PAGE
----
Every person has a story. So, too, does each chair.
Some people are superstitious. Sometimes they want the same chemo nurse, the same appointment time, the same chair. “If it is working don’t mess with it” applies to many things about treating cancer.
I am always thinking about continuity and the stories that objects tell. I’ve written twice about the tape measure my plastic surgeon used to measure me before surgery. I’ll post those pieces again this month.
Whenever I sit in a chair in a doctor’s office I think about all of the people who have sat in that chair before I have.
Each person has a story. So, too, does each chair. That chair is the starting point for this piece from 2011.
“I think so too”
That chair you’re sitting in?
I’ve sat in it too.
In waiting rooms. Chemo rooms. Prep rooms. For tests. Surgeries. Procedures. Radiation. Inpatient. Outpatient. Emergency visits. Routine visits. Urgent visits. To see generalists. Specialists. Surgeons. Alone. With friends. With family members. As a new patient. Established patient. Good news. Bad news. I’ve left with new scars. Prescriptions. Appointments. Words of wisdom. Theories. Guesses. Opinions. Statistics. Charts. Plans. Tests. Words of assurance. More bloodwork. Nothing new. Nothing gained. Nothing but a bill.
That feeling you’re having?
I’ve had it too.
Shock. Disbelief. Denial. Grief. Anger. Frustration. Numbness. Sadness. Resignation. Confusion. Consternation. Curiosity. Determination. Dread. Anxiety. Guilt. Regret. Loss. Pain. Emptiness. Embarrassment. Shame. Loneliness.
That day you’re dreading?
I’ve dreaded it too.
The first time you speak the words, “I have cancer.” The first time you hear “Mommy has cancer.” Anniversary day. Chemo day. Surgery day. PET scan day. Decision day. Baldness day. The day the options run out.
Those reactions you’re getting?
I’ve had them too.
Stares. Questions. Pity. Blank looks. Insensitivity. Jaw-dropping comments. Tears. Avoidance.
Those side effects you dread?
I’ve dreaded them too.
Nausea. Vomiting. Pain. Broken bones. Weakened heart. Baldness. Hair loss. Everywhere. Unrelenting runny nose. Fatigue. Depression. Hot flashes. Insomnia. Night sweats. Migraines. Loss of appetite. Loss of libido. Loss of breasts. Phantom pain. Infection. Fluid accumulation. Bone pain. Neuropathy. Numbness. Joint pain. Taste changes. Weight gain. Weight loss. Mouth sores. Fevers. Anemia.
That embarrassment you’re feeling?
I’ve felt it too.
Buying a swimsuit. Getting a tight-fitting shirt stuck on my body in the dressing room. Having a child say “You don’t have any eyebrows, do you?” Asking the grocery line folks to “make the bags light, please.” Wearing a scarf. Day after day. Wondering about wearing a wig because it’s windy outside and it might not stay on. Holding on to the bannister for dear life. Passing out in public.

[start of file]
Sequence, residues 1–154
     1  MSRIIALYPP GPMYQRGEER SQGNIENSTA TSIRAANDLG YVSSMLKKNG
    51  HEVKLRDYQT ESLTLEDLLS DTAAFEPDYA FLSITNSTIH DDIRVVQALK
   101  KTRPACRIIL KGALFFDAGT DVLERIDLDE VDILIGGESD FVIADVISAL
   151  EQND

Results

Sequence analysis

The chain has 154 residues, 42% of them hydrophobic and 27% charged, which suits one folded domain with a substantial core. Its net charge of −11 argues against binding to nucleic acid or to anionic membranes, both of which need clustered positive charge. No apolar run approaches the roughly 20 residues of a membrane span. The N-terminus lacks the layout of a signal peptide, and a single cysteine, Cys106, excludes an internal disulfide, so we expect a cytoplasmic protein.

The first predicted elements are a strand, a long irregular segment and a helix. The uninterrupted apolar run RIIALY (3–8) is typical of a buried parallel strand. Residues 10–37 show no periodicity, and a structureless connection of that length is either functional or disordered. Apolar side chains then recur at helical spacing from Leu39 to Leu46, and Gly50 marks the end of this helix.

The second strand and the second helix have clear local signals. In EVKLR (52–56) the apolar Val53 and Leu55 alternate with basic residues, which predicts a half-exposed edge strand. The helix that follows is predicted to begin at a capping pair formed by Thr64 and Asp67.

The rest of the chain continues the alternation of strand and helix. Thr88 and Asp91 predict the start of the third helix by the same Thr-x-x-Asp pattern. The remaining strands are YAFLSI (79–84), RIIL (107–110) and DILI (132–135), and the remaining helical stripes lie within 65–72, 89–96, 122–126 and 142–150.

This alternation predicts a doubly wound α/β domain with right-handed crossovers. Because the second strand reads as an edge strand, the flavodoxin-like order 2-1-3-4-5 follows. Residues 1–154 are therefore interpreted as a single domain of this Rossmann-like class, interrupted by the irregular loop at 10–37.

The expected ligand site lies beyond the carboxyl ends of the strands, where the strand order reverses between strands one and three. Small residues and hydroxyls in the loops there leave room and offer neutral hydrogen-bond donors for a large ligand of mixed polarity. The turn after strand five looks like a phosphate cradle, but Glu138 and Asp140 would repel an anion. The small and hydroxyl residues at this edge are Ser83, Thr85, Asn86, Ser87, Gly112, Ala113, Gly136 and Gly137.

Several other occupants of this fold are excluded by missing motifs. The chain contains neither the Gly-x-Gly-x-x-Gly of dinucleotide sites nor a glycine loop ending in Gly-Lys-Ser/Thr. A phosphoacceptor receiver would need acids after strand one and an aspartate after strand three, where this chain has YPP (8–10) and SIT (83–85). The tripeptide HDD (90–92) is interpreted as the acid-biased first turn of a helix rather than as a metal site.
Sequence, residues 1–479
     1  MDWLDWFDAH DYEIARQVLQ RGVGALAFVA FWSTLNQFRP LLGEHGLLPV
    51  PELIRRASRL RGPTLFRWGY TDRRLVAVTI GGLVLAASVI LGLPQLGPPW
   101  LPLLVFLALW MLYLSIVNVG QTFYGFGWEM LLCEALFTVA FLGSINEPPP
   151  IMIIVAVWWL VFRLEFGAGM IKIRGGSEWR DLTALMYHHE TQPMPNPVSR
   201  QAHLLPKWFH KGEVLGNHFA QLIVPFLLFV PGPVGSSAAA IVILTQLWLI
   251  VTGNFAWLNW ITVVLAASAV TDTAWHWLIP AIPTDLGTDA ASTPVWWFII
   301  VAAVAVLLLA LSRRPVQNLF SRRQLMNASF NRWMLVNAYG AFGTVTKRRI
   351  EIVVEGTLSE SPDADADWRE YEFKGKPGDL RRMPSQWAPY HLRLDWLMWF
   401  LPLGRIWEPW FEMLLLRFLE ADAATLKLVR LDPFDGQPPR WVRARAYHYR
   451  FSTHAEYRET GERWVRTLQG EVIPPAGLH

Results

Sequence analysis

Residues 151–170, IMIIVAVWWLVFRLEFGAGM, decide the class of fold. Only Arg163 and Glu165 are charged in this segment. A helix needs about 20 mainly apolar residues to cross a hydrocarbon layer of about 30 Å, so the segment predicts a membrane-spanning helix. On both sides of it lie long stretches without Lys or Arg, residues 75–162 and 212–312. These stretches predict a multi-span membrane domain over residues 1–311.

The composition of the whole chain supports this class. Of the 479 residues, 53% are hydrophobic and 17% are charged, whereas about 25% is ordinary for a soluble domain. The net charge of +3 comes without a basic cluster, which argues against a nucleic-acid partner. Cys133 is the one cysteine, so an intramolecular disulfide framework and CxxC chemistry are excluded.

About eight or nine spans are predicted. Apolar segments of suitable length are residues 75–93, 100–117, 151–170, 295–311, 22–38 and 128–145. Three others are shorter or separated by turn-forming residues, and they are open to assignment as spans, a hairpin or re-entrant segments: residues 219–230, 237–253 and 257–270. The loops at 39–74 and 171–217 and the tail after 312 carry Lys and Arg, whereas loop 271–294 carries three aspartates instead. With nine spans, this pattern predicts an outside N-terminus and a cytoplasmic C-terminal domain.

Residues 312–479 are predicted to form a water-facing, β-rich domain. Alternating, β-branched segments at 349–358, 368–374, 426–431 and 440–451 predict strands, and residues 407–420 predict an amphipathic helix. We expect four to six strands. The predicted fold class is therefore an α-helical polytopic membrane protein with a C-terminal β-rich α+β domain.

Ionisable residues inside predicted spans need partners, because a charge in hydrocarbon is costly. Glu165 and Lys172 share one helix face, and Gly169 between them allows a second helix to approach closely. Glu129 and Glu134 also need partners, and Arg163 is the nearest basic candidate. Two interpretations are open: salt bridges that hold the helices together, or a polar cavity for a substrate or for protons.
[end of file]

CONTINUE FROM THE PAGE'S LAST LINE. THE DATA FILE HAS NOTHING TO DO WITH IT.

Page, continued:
That fear you’re suppressing?
I’ve squelched it too.
Will this kill me? When? How bad is chemo going to be? How am I going to manage 3 kids and get through it? Will my cancer come back and take me away from my life? Will it make the quality of life I have left so bad I won’t want to be here anymore? Is this pain in my back a recurrence? Do I need to call a doctor? What is worse: the disease or the treatment?
That day you’re yearning for?
I’ve celebrated it too.
“Your counts are good” day. “Your x-ray is clear” day. “Now you can go longer between appointments” day. “See you in a year” day. First-sign-of-hair day. First-day-without-covering-your-head day. First taste of food day. First Monday chemo-isn’t-in-the-calendar day. Expanders-out, implants-in day. First walk-without-being-tired day. First game-of-catch-with-the-kids day. First day out for lunch with friends day. First haircut day. “Hey, I went a whole day without thinking about cancer” day. “Someone asked me how I’m doing, I said ‘fine’ and I meant it” day.
That hope you have?
I have it too:
More research. Easier access. Targeted therapy. Effective treatments. Better quality of life. More options. Longer life. Less toxicity. Fewer guesses.
Ultimately, someday, for my children or grandchildren perhaps: a cure.
Don’t you think that would be amazing?
I think so too.
** I am so moved by Lisa’s story and this post that I had to share ~ thanks for reading. I think it makes no difference whether you are fighting breast cancer like we have or any other illness. We can bond together to heal…that’s the most important piece of the puzzle.
I always think about objects like that. Aura. It’s so real, I think, the “energy” surrounding almost everything. 🙂
I HEARTily agree…we are all connected, aren’t we? ♥
I too have been moved by Lisa’s story — thank you for reminding me of our human connection — no matter our condition.
You are welcome. I know that you dear Louise understand. ♥
So true, beautiful story!
Thank you! ♥
glad you shared…very inspiring…something about common experiences that’s comforting and strengthening…
Oh yes Vicki, perfectly said! ♥ We are all connected.